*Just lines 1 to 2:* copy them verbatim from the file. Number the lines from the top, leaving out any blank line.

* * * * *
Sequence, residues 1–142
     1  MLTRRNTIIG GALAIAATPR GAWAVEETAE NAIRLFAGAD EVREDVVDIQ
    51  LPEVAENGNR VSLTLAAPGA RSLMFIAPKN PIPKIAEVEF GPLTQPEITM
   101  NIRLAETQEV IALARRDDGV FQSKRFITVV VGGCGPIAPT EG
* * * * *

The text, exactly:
Sequence, residues 1–142
     1  MLTRRNTIIG GALAIAATPR GAWAVEETAE NAIRLFAGAD EVREDVVDIQ